Forbidden love was in the air Saturday night at “Romeo and Juliet: A Lovers’ Triad,” the University Symphony Orchestra’s winter quarter debut, which featured three pieces based on Shakespeare’s Romeo and Juliet. That conductor, senior lecturer, and performance program director Barbara Schubert didn’t come out in full costume as she normally does for the fall quarter Halloween concert was slightly disappointing as was her decision not to call down to the audience in romantic coos (and cues) from a balcony above the stage like poor, enamored Juliet. Instead, Schubert opted for a more low-key approach, arriving in traditional black conducting garb and delivering a warm, interesting introduction on the three selections to be played that evening.
Going into February, the focus on Romeo and Juliet engendered thoughts of Valentine’s Day romance as well as a mid-winter-quarter-at-UC tragedy. The concert featured popular adaptations of the work by Tchaikovsky and Prokofiev, in addition to a selection by a relatively obscure American composer, David Diamond, in an effort to champion the works of great but under-appreciated American composers. Saturday’s American feature was “Music for Shakespeare’s Romeo and Juliet”, which opened the concert.
This first Romeo and Juliet began with a dramatic “Allegro maestoso,” which Diamond saturates with simple descending melodies and skillfully-orchestrated string motifs (though perhaps of dubious melodic quality). The orchestra was well-suited to play the quickly changing musical textures, which occurred unexpectedly and frequently in most of the movements of the Diamond, perhaps mirroring the social turbulence at play in Shakespeare’s most famous work. Samantha Fan, the concertmaster, handled Diamond’s music very well, leading the strings in their sprawling melodies, particularly in the “Andante semplice”. In the later movements, the orchestra showed control over both their dynamics and speed, notably during the “Allegretto scherzando”’s fascinating pizzicato and woodwind exchange. Some cues and cutoffs could have been cleaner and Diamond’s final movement seemed to lack the same sophistication as the previous onwa, particularly in terms of dynamics, but this went largely unnoticed due to the orchestra’s wholly capable treatment of the material.
The Tchaikovsky came next, opening in a somber fashion, after which the orchestra warmed into a brilliant cohesiveness when Barbara Schubert deftly led them through some difficult syncopation and nuanced emotional texture. As the piece’s famous romantic melody first emerged, the violas really flourished, playing the theme with verve and emotional depth. Soon after, the violins and woodwinds joined into the innocence and passion. Throughout the piece, Barbara Schubert led the dichotomy between Romeo and Juliet’s tumultuous surroundings and their passionate love with ease. Finally, the woodwinds stole the stage, leading the piece to its mellifluous close and doing justice to a true masterpiece.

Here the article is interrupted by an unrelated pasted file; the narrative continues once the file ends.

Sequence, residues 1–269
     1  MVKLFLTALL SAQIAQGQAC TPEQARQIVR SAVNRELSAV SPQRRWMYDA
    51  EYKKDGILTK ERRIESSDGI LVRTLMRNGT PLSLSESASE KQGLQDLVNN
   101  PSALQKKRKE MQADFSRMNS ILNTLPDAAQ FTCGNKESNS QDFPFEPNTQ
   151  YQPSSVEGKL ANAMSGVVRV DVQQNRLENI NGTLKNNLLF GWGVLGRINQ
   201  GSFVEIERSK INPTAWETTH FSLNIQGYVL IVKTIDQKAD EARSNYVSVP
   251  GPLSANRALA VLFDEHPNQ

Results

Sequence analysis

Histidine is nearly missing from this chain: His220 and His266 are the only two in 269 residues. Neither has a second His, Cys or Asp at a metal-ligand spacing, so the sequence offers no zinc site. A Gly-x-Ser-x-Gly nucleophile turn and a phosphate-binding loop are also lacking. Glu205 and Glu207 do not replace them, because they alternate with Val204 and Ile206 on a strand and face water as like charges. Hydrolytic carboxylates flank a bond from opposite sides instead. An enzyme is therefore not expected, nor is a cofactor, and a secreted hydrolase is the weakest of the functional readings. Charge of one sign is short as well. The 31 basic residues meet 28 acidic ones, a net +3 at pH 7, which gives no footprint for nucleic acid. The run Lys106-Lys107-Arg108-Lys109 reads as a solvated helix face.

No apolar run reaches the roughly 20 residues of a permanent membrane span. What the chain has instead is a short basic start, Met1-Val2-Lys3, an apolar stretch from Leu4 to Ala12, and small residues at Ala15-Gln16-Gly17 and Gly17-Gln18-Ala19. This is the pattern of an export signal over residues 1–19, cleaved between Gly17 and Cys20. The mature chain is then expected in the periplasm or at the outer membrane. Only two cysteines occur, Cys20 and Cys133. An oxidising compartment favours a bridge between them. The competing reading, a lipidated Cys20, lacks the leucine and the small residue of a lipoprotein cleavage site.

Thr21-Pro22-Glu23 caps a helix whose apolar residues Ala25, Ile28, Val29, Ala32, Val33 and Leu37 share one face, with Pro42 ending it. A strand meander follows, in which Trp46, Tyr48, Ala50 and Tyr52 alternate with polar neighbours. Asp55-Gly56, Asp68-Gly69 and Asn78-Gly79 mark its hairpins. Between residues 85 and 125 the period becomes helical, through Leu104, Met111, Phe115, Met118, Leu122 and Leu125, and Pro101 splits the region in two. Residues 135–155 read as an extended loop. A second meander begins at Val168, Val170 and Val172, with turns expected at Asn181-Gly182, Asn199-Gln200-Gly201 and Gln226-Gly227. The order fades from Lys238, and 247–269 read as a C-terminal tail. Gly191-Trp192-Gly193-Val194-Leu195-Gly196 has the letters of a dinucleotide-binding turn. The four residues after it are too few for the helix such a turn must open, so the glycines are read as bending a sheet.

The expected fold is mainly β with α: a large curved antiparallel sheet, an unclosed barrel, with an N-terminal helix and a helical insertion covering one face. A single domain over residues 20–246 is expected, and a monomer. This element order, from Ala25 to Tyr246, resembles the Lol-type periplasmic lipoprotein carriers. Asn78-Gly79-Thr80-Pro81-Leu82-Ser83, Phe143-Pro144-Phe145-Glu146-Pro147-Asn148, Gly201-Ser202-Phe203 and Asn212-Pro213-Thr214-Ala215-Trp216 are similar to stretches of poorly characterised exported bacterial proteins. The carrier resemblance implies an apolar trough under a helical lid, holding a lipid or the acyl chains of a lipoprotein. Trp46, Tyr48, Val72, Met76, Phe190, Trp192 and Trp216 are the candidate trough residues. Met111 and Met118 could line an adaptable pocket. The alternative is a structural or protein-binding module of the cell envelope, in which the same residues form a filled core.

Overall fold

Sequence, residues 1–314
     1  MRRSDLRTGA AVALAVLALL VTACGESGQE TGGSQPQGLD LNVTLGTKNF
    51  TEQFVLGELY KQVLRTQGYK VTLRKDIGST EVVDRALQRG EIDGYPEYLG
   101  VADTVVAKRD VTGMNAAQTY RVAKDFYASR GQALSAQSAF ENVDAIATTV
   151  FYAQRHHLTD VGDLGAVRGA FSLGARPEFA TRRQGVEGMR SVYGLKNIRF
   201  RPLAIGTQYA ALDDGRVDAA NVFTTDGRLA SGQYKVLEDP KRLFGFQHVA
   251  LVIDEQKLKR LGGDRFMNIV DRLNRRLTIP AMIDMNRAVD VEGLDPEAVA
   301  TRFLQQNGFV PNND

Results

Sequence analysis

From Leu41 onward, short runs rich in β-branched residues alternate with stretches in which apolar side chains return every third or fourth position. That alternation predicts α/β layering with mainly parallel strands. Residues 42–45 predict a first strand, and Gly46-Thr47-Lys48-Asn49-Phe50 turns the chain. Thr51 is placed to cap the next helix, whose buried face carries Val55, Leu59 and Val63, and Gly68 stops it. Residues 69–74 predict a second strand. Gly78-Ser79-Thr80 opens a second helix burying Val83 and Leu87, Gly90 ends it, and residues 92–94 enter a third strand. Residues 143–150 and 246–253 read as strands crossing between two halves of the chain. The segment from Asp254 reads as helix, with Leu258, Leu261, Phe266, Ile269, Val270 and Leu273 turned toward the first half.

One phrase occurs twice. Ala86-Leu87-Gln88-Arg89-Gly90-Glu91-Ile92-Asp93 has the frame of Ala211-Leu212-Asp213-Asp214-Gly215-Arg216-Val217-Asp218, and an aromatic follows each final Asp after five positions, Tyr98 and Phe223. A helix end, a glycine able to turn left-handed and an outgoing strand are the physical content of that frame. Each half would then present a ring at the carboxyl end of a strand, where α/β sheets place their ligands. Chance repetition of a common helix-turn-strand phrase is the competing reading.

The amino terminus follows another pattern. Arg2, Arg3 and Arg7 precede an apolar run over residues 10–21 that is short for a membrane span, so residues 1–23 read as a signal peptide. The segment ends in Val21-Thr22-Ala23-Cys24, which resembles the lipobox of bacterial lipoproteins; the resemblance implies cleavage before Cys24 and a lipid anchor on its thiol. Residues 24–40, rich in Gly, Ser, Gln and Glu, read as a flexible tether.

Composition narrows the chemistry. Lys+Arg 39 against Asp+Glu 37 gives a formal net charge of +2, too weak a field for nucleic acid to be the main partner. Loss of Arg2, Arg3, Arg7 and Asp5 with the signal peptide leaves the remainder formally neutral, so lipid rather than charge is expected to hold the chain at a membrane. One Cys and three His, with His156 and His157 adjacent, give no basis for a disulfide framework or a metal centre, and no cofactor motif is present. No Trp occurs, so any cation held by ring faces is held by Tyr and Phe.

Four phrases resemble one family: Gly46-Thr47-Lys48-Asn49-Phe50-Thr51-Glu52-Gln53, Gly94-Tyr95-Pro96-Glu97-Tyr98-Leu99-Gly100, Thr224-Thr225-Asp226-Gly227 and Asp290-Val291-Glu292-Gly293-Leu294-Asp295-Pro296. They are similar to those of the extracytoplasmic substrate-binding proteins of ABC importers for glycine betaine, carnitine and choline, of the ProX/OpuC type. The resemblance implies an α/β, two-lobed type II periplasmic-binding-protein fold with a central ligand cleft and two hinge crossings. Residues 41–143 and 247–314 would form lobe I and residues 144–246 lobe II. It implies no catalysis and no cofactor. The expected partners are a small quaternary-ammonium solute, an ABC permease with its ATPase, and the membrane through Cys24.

The program ended with an odd collection of excerpts from Prokofiev’s ballet based on the play. This was perhaps where the orchestra showed the most versatility, varying dynamics very well, carrying both light and heavy melodies easily and transitioning, as in the Diamond, from difficult pizzicato sections to virtuosic cascades of string acrobatics handled brilliantly by both the violins and the cellos. Though the orchestra seemed to lack complete unity during a rubato in the third movement, the complexity of Prokofiev’s work, which is a challenge for the best of orchestras, was otherwise played well.
The decision to end the evening with the death of Tybalt, portrayed by Prokofiev with tragic bombast, was unusual considering the popular close the Tchaikovsky might have provided. The choice of the famous Russian works in combination with the relatively obscure Diamond piece was interesting as well, as the latter strayed from the “definite musical form” that Diamond believed to be inherent in the works of Prokofiev and Tchaikovsky, which featured more easily discernible melody. All of these choices provoked thought not only of Shakespeare’s play, but also about the ways in which different master composers tackle the emotional roller coaster of Romeo and Juliet. Thus these diverse, albeit unusual, programming choices rendered themselves valuable and contributed to the performance.
Overall, the University Symphony’s performance was quite good, providing the audience with musical texture and color that is required but rarely achieved in the pieces they played. The pizzicati in the Diamond and Prokofiev, the lush melodies in the strings, the percussionists’ syncopation, the woodwinds’ beautiful finish in the Tchaikovsky, and the brass’s strong presence in all three works made the performance memorable. Multiple times during the performance, a Shakespeare quote was called to mind, but not one from Romeo and Juliet. Instead, it was from Twelfth Night when Duke Orsino muses: “If music be the food of love, play on.” The University Symphony will be performing again in March with a symphony by Prokofiev, Beethoven’s “Leonore Overture No. 1,” and Walter Piston’s “Three New England Sketches.”